How wonderful, for example, must it appear that the state of the world should have rendered such a call necessary. Adopting the chronology of our English Bible, how does it happen that even in Shem's lifetime the light of divine truth is again threatened with extinction? There is, there can be, but one answer to the question ; and that answer we must look for in the fatal inclination of the heart to forget God. Already had the Chaldeans begun to worship the Supreme Being in those heavenly bodies where he seemed to them in a special manner to dwell : already had the idea of one Supreme Spirit begun to disappear, and the worship of the stars to take its place, and gradually to pave the way for the grosser polytheism of later times; and all this, be it remembered, while at least one of those who saw the beginning and the end of the awful deluge yet lived upon the earth. How is this to be accounted for, if not upon the ground that man does not " like to retain God in his knowledge" ? Rom. i. 28.

The truth is, that this instance of rapid defection from God is but one example amongst many which might be adduced from sacred history. Both the Jewish scriptures and the records of the Christian church exemplify this fatal tendency. Again and again after the Jewish race had been separated from the rest of mankind, and been favoured with repeated special communications of the divine will, did they seek to extinguish the sacred light; and as often had it to be rekindled by the breath of God. And in christian times, who can avoid seeing that it has been the same ? Nay, were not the letters of Paul and Peter, of James and John, addressed to the first churches, in order to counteract the insidious errors which had already begun to creep in amongst their converts, and to “ corrupt them from the simplicity that is in Christ”? 2 Cor. xi. 3. And who, apart from experience, would ever have imagined that all the abominations of the papacy could have been made to spring, even in appearance, from the christian system?

These examples surely, like the call of Abraham, teach us that everr when God has made himself known to men, their tendency, if left to themselves, is rather to forget, than to cultivate, that heavenly knowledge ; and hence, those successive interpositions of which sacred history is full. Art, letters, poetry, eloquence, science, have thriven in our world, without any apparent intervention on the part of the Most High; but read the history of religion by what light we may, we shall never understand it, if we overlook the existence of that spiritual malady which afflicts human nature, and which, but for the repeated infusion of some healing element, must long since have ended in death. The call of Abraham, the complicated Jewish ritual, the miraculous Jewish history, the moral law embodied in the Ten Commandments, the wail and burden of each of the Hebrew prophets,—were so many successive interpositions on the part of God to keep alive amongst men some knowledge of himself; the perpetual re-infusion, so to speak, of the healing element into that stream which showed at all times a tendency to become more corrupt and impure.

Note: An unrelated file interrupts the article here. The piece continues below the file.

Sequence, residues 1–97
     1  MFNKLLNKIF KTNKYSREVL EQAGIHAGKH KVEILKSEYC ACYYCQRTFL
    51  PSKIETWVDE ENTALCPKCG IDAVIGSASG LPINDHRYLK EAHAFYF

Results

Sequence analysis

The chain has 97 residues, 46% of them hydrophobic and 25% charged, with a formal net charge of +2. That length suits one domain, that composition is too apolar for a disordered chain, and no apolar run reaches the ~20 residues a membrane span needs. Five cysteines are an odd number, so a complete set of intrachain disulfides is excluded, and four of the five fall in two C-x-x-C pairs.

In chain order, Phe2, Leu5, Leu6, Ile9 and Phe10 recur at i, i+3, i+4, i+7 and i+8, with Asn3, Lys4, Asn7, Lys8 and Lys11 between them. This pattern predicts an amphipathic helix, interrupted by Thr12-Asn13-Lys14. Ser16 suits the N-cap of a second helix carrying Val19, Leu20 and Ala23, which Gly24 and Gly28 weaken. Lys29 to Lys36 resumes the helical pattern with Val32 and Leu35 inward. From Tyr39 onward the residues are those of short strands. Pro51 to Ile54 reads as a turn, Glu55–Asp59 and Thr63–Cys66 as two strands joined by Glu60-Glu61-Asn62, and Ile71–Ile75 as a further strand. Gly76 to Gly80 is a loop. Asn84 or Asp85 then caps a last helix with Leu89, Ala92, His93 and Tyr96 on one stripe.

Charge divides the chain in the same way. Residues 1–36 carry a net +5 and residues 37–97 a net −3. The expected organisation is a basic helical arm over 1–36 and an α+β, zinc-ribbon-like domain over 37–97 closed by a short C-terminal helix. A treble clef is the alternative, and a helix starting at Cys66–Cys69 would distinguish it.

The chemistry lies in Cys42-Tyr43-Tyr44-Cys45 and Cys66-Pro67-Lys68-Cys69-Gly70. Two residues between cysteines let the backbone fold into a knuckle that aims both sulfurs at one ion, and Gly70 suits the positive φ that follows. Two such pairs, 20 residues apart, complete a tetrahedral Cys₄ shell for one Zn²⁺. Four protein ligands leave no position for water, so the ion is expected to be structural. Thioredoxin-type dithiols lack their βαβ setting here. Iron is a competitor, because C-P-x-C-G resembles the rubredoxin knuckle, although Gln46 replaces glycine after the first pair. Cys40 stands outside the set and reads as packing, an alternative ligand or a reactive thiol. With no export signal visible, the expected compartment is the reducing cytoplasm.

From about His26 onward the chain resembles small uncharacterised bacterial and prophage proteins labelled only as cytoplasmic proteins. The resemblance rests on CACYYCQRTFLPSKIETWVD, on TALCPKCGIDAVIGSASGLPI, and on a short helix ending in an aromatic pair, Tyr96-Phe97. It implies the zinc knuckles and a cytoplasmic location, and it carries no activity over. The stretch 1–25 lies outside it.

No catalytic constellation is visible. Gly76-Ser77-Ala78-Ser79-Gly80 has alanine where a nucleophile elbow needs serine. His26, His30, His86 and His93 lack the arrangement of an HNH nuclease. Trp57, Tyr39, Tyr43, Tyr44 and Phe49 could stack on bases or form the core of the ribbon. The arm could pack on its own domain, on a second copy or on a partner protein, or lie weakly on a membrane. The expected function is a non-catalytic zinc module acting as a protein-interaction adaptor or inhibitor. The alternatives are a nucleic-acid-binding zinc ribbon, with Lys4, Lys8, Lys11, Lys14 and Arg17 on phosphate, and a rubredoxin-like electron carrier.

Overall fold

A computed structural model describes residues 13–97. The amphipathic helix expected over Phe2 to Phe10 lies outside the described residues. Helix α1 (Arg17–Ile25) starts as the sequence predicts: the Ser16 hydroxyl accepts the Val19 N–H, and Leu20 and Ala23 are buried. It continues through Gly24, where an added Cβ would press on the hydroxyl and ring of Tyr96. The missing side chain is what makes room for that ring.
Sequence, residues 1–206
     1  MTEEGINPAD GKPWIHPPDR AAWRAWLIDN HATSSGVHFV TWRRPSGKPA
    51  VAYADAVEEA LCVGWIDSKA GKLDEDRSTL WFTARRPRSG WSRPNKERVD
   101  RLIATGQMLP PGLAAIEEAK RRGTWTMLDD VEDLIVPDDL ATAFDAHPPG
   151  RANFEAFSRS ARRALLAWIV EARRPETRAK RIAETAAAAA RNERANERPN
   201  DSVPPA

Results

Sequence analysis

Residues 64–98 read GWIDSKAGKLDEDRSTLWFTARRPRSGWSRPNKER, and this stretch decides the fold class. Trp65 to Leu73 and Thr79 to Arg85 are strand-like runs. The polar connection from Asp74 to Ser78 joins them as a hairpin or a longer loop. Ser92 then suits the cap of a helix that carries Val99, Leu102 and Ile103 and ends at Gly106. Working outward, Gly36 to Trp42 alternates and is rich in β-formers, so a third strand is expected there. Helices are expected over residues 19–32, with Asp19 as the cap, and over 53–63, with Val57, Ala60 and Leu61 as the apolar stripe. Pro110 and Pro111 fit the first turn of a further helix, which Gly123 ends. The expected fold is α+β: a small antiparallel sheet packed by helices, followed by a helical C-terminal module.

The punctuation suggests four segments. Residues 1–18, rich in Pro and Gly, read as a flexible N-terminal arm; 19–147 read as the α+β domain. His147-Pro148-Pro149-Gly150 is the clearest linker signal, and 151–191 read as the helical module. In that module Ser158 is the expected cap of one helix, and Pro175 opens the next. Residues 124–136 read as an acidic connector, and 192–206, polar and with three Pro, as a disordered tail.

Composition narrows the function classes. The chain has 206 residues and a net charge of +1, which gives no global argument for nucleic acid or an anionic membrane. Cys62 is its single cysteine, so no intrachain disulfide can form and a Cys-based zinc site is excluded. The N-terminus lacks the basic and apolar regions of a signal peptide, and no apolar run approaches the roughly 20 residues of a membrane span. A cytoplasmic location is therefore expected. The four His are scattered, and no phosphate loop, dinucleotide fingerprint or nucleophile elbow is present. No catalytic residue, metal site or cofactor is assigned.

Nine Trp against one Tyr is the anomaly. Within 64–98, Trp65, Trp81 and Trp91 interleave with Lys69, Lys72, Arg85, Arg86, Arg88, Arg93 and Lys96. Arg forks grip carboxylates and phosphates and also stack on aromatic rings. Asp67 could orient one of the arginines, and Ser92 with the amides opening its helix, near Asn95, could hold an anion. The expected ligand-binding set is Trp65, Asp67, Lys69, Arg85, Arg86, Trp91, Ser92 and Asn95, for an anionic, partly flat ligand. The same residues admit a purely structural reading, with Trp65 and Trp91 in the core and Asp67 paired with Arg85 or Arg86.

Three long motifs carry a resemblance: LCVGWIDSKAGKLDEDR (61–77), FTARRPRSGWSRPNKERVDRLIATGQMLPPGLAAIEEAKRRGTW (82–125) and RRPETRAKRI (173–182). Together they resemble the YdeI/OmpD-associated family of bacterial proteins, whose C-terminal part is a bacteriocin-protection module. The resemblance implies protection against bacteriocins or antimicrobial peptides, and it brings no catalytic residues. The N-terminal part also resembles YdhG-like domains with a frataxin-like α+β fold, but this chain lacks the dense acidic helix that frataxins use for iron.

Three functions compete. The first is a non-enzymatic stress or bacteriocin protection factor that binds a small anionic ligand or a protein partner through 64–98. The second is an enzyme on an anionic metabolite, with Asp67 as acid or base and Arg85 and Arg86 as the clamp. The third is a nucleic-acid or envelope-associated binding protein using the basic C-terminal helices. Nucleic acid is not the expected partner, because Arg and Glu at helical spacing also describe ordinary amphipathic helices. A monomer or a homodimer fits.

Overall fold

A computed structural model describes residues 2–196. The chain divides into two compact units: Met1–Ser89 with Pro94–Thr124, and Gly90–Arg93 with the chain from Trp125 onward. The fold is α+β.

And now that the Great Physician has come himself in order to heal and save the sick world, is the case altogether different ? The early corruption of Christianity itself has been alluded to already; but is there no analogous tendency in the heart of the individual Christian ? Is it, then, an easy task to keep the divine plant alive? Does it not still need the fostering influences of heaven ? Or when it begins to droop, where is the Christian's hope but in the vivifying power of the Almighty? If God had not in his own good time visited Abraham, the growing darkness of the world. might soon have deepened into a night illumined by no stars ; and where is the Christian who has not often prayed with the part?

Hebrew poet, " Remember me, O Lord, with the favour that thou bearest unto thy people. Oh, visit me with thy salvation"? The gospel is an answer to this prayer. It assumes the existence of this great spiritual want, and offers to supply it. When the Lord Jesus was about to quit that world which had repulsed its Saviour, he said to his disciples, “I will not leave you comfortless: I will come to you. Yet a little while, and the world seeth me no more; but ye see me : because I live, ye

shall live also.” That promise is fulfilled amongst men now, whenever they receive the Holy Spirit in answer to their prayers ; and the constant fulfilment of it should remind us that the spiritual life, like the natural, needs to be revived continually by the same breath which kindled it at first.

But there are many who aver that they have not this life, and that they have no power to kindle it. May these be allowed to fold their arms in despair ? May they excuse their own inaction on the ground that they can do nothing without God? Before they attempt to do so, let them answer to their own hearts the following questions. Did the call of Abraham impose no obligation upon himself ? Did it involve no movement on his own

No anxiety, no labour, no sacrifices, no self-denial, no effort ? When God first called him to leave Ur for Charran, did it cost him no pains to induce his aged and half-idolatrous father to accompany him ? Would the old man readily forego the usages of a settled habitation, for a roving, tent-dwelling life? Would the aversion always felt by old age for anything resembling change, be overcome without difficulty ? Or if Terah, which is scarcely probable, had shared with Abraham in the intimation God had given of his will, and had thus been induced to accompany his son the more readily, did it cost the Mesopotamian shepherd nothing to obey that second and more pointed call which, fifteen years later, upon his father's death, he received to leave his kindred even, and to go still farther from home, to the land of Canaan ? Were no ties ruptured then ? Were no plans disturbed ? Were no hopes disappointed ? And in the new and untried region to which he was called, were there no difficulties to be wrestled with, no dangers to be feared, no enemies to be overcome ? Yet Abraham obeyed God; first at Ur, and afterwards at Charran. Would it have sufficed him to have said, “ God purposes to separate me unto himself. This call is the beginning of the separation ; he will perfect it in due course, and accomplish his own purpose. I will leave all to him, and save myself a world of pains"? Would this have sufficed, when he should rather have been curbing his own heart, and summoning up his resolu

THE ENGLISH MONTHLY TRACT SOCIETY, 27, RED LION SQUARE, LONDON,